streets of valletta

Streets Of Valletta

  • Feb 17, 2018

The streets of Valletta form a grid-like layout making it very easy to explore...

Valletta’s streets are very pedestrian-friendly, making Valletta a great city for exploring on foot. Anyone that’s visited Malta before will have fond memories of the cobbled Valletta streets that feel like a step back in time.  The streets are all straight, some of them small and narrow; and some of them wide and long, spanning across the majestic capital city. Clearly these streets were not designed for cars. This lack of vehicle access is no accident, and in fact, there is some military history behind the design of Valletta’s streets.

History Behind Valletta’s Streets

Although the side roads and residential areas are small and narrow, the city centre streets’, which are where many of the landmarks and tourist attractions can be found in Valletta, are set out in a grid layout. This makes it very easy to navigate and pop from one attraction to the other, and the Valletta Commonwealth Walkway helps to highlight 20 points of interest. Some say that the grid of streets was designed not for ease of movement for pedestrians, but to allow the sea breeze to flow through to keep citizens cool during Malta’s hot summer months. The grid system is also believed to have helped to introduce the water and sanitation systems. One benefit of having “square” streets is the open spaces that this layout creates; known as piazzas. The piazzas of Valletta are generally where anything of interest happens, a street theatre or show for example, and they are simply great for al fresco dining!

Piazzas In Valletta

Republic Square is one of the most photographed piazzas in Valletta. It is home to the National Library of Malta, and is filled with open-air cafés, shopping, and part of the Grandmaster’s Palace. Outside of the library is a statue of Queen Victoria, which meant the square was renamed Piazza Regina. The pigeons are rather fond of the statue and will congregate in the piazza too, perhaps visiting from their usual home in London’s Trafalgar Square?!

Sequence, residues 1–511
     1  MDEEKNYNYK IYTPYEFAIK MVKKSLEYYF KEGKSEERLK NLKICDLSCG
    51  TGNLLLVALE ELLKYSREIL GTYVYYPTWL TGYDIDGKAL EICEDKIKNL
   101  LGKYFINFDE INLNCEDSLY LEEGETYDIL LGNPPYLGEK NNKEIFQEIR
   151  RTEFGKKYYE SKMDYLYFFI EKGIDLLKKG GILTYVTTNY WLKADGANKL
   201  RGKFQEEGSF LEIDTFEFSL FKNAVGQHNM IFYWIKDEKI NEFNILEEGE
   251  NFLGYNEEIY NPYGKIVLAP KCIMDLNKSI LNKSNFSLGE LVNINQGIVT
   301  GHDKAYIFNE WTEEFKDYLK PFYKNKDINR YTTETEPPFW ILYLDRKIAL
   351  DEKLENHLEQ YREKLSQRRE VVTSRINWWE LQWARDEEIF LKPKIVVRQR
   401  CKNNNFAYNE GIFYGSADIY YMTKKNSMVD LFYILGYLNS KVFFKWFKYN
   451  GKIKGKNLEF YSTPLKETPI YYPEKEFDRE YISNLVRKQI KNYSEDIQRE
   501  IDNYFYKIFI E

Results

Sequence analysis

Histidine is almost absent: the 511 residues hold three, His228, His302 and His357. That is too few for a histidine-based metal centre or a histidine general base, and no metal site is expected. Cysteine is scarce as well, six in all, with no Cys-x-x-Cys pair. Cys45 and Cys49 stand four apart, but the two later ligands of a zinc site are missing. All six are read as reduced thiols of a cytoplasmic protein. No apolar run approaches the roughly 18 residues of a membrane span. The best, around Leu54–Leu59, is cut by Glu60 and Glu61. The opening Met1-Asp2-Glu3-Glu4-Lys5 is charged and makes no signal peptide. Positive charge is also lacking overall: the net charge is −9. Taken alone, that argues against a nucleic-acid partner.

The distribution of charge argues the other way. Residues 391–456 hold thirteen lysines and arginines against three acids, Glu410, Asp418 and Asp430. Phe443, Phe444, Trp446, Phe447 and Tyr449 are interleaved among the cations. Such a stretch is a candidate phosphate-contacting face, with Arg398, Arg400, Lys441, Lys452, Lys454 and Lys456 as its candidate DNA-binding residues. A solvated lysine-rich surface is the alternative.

St John’s Square, home to St John’s Co Cathedral, is one of the more greener spaces in Valletta amongst the sandstone buildings. St George’s Square is a popular tourist attraction too, as it’s where the Changing of the Guards military display takes place each month.

Valletta’s Military Fortifications

Aside from the grid streets, Valletta has many examples of fortification, dating back to the 16th Century. At this time Francesco Laparelli, a military engineer, was drafted in to design new defences for the city. A part of this defence system was to create very steep streets with deep steps that would make it very difficult for attacking soldiers to climb with their heavy armoury. The steep streets were protected by a series of defensive walls and forts, which can still be seen today; Fort Saint Elmo being the most well-known.

Strait Street – Valletta’s Most Famous Street

Every major city has its own popular and well-known streets. In London it’s Oxford Street, in Paris it’s Champs-Élysées; and in Malta, it’s Strait Street. Strait Street, known as Strada Stretta to the locals, has even had its own TV show. Strait Street is famous for its nightlife and debauchery, mainly from the 19th Century when the American and British Military would visit in large groups to forget about their day jobs. Strait Street today is just as lively, as it was back then. In fact in the past few years, Strait Street has been revived with plenty of newly opened bars, restaurants and live music.

With Valletta being Capital of Culture in 2018, there are many outdoor events happening throughout this year in Valletta’s famous streets; just ask for our local knowledge at Casa Ellul – we’ll be happy to make you aware of what’s on!